Sheep Tallow Candles.

I hate waste and I love trying to do things first hand, I don’t mind reading things but I often! find that something that seems long or hard on paper can in fact move smoothly and turn out to be quite easy when done, and I have also read some things that seem so simple or would work so easily, and then when you go to do it.. it either does not work or works but so poorly that its hardly worth the time..

So when I read on many sites that Sheep or Lamb Tallow was the choice for homemade candle making, I thought hmmm, now the very rich used beeswax to make their candles and both beef and pork fat was used in candle making when folks had little to no choice, of course in many parts of the world, whale oil was used for generations.

Now, lard (pork fat) is said to have a strong smell to it, and was not considered of highly, now given that this was during times where folks liked to boost of things like.. “I take a bath once a month, weither I need it or not” or didn’t bath more then once a year, for them to think something didn’t smell good, I will take their word for it..

Interestingly the middle class would according to my research, often mix a little beeswax into their lamb tallow at about a 3/4 tallow, 1/4 beeswax, this would produce a slightly firmer candle and would create a more pleasent smell when burning.

On the flip side, I have found other sites that said that for those that could not afford pure sheep or lamb tallow, they mixed their half and half with the cheaper but still useable beef tallow..

So I butchered out two legs of lamb this week, and I saved every single bit of fat on them and put them to boil with the bones, I then drained/strained the broth, it filled 3 quart jars to the brim and into the fridge to set, I took off layers of solid fat,but it was still not as clean as I would like it.

Now there were two choices given , dry or wet in regards to cleaning the tallow, the wet is to add water to the fat and bring it carefully to 160 and then strain it though a screen with a layer of clean cloth, or cheese cloth or butter cloth.  Or you can choose to do it dry, again heating the oil to melting point at 140, and then straining it.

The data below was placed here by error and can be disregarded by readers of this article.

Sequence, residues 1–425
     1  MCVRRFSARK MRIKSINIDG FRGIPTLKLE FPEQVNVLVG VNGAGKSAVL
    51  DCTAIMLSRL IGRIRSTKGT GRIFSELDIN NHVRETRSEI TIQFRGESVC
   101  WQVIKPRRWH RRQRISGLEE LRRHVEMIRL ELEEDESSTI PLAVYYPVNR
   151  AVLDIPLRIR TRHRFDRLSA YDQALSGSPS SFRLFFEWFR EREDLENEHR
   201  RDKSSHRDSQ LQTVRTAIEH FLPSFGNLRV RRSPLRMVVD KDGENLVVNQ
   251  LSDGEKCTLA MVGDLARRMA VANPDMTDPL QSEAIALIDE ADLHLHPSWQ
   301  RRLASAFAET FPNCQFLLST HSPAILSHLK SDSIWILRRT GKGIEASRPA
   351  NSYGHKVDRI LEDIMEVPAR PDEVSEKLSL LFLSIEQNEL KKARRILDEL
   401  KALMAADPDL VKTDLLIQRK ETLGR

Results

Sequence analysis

This is the second cleaning of the tallow, at this point it would be considered top grade tallow (which has four grades per our industrial ratings), now this would be wonderful tallow to use in cooking, as the fat has a very high smoke point, and as this was grass feed organic lamb, the fats contant alot of healthy benafits, it could also be used in baking if required. Clearly if you were truly living off the land, you would need to find a balance between needing the fat in your diet vs using it as a light/heat source.

However, I was on a different track with it, now my lamb legs, produced me 4 oz of twice cleaned lamb tallow, I put it into a 8 0z canning jar, along with a wick.. now remember to attach your wick to the rod that will lay across the top of your jar flat, so that you can hang your wick straight down in the center of your candle, now I cheated and put it in the fridge but there is no reason you would have to do that, you could let it set on the counter, but my purr-pots were way to interested in the smell of that fat to leave it out and alone.

Now comes the big test, it lit well, it buys with a lovely candle glow, it does not have a smell, in fact is darn right pleasent what little smell it does have.. now it does have two interesting things of note, one it burns louder then a typical candle, its has a soft sputter sound is the best I can say.. second it burns faster then a typical modern candle, or to be fair, it burns faster in a good qaulity modern candle but slower then one of those super cheap candles.

Now, this is awesome, I now have a way to create my own homemade 0 mile candles..

In keeping with this, I will be ordering in a good supply of wicks to put into my Emergency Supplies and will continue making my tallow candles, this is to me, a wonderful addition to my ever growing emergency supplies and skill set.. If anyone makes their own homemade tallow candles and have any tips to offer me, I would love to hear from you.

This is a Homestead Preparedness Challange-Emergency Supplies

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20 Responses to Sheep Tallow Candles.